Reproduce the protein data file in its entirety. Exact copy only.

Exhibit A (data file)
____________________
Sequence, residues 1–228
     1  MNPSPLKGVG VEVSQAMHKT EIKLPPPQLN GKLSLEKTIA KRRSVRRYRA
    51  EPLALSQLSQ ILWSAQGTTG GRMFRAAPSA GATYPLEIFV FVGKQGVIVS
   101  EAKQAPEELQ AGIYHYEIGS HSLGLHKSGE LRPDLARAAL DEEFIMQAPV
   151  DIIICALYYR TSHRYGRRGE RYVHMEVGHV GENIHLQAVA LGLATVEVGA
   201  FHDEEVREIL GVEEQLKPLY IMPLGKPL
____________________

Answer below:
Sequence, residues 1–228
     1  MNPSPLKGVG VEVSQAMHKT EIKLPPPQLN GKLSLEKTIA KRRSVRRYRA
    51  EPLALSQLSQ ILWSAQGTTG GRMFRAAPSA GATYPLEIFV FVGKQGVIVS
   101  EAKQAPEELQ AGIYHYEIGS HSLGLHKSGE LRPDLARAAL DEEFIMQAPV
   151  DIIICALYYR TSHRYGRRGE RYVHMEVGHV GENIHLQAVA LGLATVEVGA
   201  FHDEEVREIL GVEEQLKPLY IMPLGKPL